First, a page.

Actinic keratosis (skin)

by Allison Osmond, MD FRCPC
April 28, 2022


What is actinic keratosis?

Actinic keratosis (AK) is a pre-cancerous skin disease. It is considered a pre-cancerous disease because, for some patients, the disease will change over time into a type of skin cancer called squamous cell carcinoma.

What causes actinic keratosis?

Actinic keratosis is a very common condition caused by long-term exposure to the sun.  AK commonly occurs on the face, lips, ear, back of the hands, arms and scalp.  However, AK can develop anywhere on the body where the skin has been exposed to the sun for long periods of time.  When similar changes affect the lips, it is called actinic cheilitis. It is not uncommon for people to have multiple areas of the skin with actinic keratoses. Older age, fair skin, and chronic sun exposure are risk factors for developing actinic keratosis.

How do pathologists make this diagnosis?

When examined without a microscope, AK typically has a scaly red appearance. The diagnosis is usually made after a small tissue sample is removed in a procedure called a biopsy. The tissue same will then be sent to a pathologist for examination under the microscope.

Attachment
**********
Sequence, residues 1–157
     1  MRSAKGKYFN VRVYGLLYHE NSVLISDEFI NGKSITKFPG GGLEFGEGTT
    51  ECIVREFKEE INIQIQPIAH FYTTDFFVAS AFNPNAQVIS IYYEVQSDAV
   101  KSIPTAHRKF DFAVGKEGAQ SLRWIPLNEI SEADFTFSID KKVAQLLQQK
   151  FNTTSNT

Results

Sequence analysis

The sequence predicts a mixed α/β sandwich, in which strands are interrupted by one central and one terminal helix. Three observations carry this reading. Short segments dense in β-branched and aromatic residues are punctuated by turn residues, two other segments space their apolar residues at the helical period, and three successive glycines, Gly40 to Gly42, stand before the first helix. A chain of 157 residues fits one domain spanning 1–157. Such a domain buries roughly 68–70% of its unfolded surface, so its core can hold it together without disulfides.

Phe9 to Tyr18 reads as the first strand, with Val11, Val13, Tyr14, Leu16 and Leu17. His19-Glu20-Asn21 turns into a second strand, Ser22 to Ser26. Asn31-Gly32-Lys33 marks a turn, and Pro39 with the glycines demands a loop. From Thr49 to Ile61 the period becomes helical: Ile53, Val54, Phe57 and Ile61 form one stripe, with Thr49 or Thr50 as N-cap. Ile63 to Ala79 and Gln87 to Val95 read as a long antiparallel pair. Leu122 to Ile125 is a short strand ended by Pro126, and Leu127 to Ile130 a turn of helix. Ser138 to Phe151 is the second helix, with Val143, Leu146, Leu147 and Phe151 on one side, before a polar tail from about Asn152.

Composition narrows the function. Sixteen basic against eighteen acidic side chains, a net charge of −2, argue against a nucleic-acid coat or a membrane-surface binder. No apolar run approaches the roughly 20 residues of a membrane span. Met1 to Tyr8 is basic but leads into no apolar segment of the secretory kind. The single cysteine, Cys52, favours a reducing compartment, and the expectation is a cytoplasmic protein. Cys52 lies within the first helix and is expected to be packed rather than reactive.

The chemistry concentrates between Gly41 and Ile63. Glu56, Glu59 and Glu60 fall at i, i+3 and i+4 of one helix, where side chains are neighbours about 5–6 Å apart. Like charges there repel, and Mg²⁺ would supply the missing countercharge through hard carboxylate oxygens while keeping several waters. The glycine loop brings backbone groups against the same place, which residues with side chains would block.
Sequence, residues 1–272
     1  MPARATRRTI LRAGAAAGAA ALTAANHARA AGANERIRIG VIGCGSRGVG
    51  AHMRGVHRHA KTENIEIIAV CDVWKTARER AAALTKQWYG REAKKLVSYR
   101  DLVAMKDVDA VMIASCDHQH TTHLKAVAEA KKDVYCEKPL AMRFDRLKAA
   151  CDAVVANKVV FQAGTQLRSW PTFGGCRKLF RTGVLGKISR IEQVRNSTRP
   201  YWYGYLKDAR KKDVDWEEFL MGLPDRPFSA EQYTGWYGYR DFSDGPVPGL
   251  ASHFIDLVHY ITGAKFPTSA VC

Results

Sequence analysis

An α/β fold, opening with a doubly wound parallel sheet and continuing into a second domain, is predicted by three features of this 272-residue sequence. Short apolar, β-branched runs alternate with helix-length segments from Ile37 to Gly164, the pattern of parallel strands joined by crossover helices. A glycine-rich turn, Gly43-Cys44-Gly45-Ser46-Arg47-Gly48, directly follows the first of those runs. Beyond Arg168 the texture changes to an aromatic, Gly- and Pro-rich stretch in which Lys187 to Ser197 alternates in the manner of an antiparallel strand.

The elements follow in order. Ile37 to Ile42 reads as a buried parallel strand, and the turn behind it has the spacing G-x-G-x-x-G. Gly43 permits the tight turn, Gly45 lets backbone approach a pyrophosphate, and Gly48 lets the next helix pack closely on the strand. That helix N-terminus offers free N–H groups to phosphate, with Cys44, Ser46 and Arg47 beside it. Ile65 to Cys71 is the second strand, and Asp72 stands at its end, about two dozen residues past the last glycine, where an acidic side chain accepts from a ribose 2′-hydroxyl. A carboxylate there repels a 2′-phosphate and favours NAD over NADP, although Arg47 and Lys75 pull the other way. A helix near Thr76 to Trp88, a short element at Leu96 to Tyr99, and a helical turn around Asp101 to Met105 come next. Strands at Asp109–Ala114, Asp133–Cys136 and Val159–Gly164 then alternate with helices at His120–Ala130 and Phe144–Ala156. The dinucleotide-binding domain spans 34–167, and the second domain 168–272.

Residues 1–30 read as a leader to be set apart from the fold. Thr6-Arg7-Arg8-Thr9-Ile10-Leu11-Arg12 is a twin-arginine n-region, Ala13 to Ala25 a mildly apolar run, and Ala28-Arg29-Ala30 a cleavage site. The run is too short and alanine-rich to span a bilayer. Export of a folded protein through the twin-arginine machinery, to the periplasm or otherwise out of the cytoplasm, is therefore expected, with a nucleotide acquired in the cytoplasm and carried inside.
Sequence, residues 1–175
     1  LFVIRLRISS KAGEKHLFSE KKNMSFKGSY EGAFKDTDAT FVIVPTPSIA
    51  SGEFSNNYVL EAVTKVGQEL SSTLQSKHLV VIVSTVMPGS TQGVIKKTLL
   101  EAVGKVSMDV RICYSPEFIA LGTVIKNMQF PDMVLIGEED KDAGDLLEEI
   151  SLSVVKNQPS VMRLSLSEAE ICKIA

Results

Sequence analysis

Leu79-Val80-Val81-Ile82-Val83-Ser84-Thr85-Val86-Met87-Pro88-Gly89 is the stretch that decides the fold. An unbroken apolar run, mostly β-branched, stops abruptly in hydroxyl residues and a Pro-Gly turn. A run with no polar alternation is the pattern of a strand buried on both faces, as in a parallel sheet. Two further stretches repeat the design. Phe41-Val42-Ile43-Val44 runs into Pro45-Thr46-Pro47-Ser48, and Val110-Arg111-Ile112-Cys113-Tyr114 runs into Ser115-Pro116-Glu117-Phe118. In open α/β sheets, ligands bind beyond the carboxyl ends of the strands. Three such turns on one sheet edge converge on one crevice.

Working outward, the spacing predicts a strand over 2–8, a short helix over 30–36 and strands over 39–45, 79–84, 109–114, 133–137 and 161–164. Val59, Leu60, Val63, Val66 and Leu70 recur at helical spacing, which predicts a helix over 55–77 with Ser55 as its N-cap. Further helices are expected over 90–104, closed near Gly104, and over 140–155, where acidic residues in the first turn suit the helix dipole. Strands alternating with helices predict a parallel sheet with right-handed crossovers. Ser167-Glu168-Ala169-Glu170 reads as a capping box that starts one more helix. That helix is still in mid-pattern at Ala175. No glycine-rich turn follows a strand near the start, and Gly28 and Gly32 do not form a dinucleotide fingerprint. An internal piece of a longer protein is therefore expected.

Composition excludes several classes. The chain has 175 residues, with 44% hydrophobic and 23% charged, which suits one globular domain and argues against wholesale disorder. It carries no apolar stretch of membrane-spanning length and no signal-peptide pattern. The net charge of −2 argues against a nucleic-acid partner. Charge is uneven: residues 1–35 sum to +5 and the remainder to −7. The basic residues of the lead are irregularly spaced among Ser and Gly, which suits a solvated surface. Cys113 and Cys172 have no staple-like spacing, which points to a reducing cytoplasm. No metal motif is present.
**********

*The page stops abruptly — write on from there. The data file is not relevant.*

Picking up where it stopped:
What does actinic keratosis look like under the microscope?

AK starts in the cells at the very bottom of the epidermis which are called basal cells. When examined under the microscope, the abnormal cells in AK look bigger, darker, and appear more disorganized compared to the more superficial squamous cells.

actinic keratosis

The microscopic appearance of actinic keratosis.

What is a variant and why is the type of variant important for actinic keratosis?

Pathologists divide AK into groups called variants based on how the cells look under the microscope. The most common variants of AK are called acantholytic, pigmented, hypertrophic, and Bowenoid.

Bowenoid type AK is important because it is associated with a higher risk of changing into a type of cancer called squamous cell carcinoma over time. For this reason, Bowenoid type AK needs to be completely removed in order to reduce the risk of developing cancer and to avoid recurrence.

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